Everyman Comic Nate Bargatze Celebrates 20 Years in Comedy!


On a pretty cul-du-sac 25 minutes south of Nashville, Nate Bargatze lives in sprawling two-story brick house that doesn’t stand out. He’d owned the house for a couple years before the neighbors realized the man Jim Gaffigan told Esquire was “one of the top up-and-coming comics” and Marc Maron told Rolling Stone was “a comic who should be big”  lived down the street.

For the preternaturally likable comedian, whose template is the foibles of his own life, that’s the way he prefers it. Not one to crave the spotlight, the man whose “The Greatest Average American” Netflix special yielded a 2022 Grammy nomination for comedy recording is more than happy being just like his audience.



The way he sees it: “I assume I’m like everybody in the audience, and I could be friends with everyone out there. We’re all the same. We all have relatives, families, lives. It’s human-to-human interactions, the same problems. Start there.”

Bargatze has been a comic for 20 years, and created a style uniquely his own by recognizing the humor in small things. But it also nails just about everyone else, too.

He makes it sound so simple. Two decades into a career in which the soft-spoken Everyman has created a world from musing about a life that could happen to any suburban 20-, then 30-something, he quietly carved out a profound space in comedy.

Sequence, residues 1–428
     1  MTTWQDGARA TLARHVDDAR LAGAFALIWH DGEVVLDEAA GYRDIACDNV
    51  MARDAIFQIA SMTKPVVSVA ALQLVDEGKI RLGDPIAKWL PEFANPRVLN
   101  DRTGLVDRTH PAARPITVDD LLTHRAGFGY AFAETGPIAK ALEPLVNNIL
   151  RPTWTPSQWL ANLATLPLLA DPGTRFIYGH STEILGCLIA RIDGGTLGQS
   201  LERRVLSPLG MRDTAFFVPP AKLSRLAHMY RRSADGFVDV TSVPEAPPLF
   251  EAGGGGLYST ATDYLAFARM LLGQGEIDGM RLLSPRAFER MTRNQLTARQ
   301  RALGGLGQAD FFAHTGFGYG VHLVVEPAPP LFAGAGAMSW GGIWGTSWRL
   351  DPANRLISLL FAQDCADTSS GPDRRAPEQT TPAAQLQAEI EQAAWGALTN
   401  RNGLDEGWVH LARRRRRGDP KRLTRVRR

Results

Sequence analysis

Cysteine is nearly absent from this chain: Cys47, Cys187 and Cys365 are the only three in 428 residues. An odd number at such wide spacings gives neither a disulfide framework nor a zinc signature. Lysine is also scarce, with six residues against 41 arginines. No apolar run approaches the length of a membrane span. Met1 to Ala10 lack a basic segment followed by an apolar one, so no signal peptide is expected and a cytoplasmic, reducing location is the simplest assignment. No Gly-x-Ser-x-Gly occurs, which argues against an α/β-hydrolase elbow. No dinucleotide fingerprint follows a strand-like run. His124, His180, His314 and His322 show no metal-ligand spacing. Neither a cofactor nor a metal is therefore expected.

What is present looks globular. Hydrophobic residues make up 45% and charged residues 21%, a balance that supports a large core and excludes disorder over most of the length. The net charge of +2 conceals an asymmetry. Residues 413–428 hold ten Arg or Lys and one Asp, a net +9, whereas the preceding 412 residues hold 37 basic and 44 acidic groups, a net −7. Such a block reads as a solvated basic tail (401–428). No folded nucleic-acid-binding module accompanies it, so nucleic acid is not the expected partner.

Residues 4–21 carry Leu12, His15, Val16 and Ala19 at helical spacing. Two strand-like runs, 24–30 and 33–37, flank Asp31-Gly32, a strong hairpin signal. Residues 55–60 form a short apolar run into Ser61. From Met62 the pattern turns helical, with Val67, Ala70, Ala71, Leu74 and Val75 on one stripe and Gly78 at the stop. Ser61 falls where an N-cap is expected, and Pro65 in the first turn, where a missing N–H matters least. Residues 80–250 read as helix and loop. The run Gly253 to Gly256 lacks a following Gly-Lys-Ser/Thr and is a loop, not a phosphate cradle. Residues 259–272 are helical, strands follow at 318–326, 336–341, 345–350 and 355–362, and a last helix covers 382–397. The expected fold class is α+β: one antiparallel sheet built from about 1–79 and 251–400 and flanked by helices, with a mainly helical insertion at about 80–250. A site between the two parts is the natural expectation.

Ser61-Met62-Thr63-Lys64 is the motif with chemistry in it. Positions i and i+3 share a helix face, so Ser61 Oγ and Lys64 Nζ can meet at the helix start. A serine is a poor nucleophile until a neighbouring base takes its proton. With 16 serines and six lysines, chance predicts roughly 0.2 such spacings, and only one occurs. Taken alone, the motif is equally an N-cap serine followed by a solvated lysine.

Two Netflix specials — 2019’s “The Tennessee Kid” and 2021’s “Greatest Average American” — are the tip of the achievements, alongside his 2015 special “Full Time Magic.” Beyond countless comedy festivals, he’s played numerous music fests, including Bonnaroo and South by Southwest.

His ability to get out there and mix it up makes Bargatze the kind of comic people want, or even need, to see. During the pandemic, he adapted, performing dates to people in their cars at drive-ins, stadium parking lots and at Universal Studios, where his latest special was filmed.

“It was important to him to get back out on stage and give his fans the gift of laughter,” says Nick Nuciforo, UTA’s co-head of comedy touring, of the unconventional approach to continue Bargatze’s growth during COVID.


“We innovated and built a tour of drive-in movie theaters and socially distanced parking lot shows. That tour helped set up his Netflix special, ‘The Greatest Average American,’ which was shot outdoors at Universal Studios Hollywood theme park. Nate was fully prepared and totally unfazed by the elements, which included several helicopters flying overhead while taping the special.”

Bargatze now has a film in development, a September special slated to be shot at the Celebrity Theater in Phoenix and his weekly “Nateland” podcast, billed as “all things comedy.” “Nateland” features the comic and friends musing on topics from aliens to candy, maps to hotels, deep diving into what could be termed “Nate Think.


Anyone who watches Bargatze’s deeply personal comedy knows a great deal about him. He believes the less distance between the man onstage and the actual human creates the best connection. Not that he’s documenting every moment everywhere — “There’s something to be said for mystery. I like mystique” — but the slight kid from Brentwood, Tenn., isn’t shy about using real moments from his life, whether being yelled at by a clown (his father), being sent up by an Applebee’s waitress (his then co-worker, now wife) or pranking his friends (he has an infamous bit about rewrapping his friend’s burger with a bite out of it), front and center when he’s onstage.

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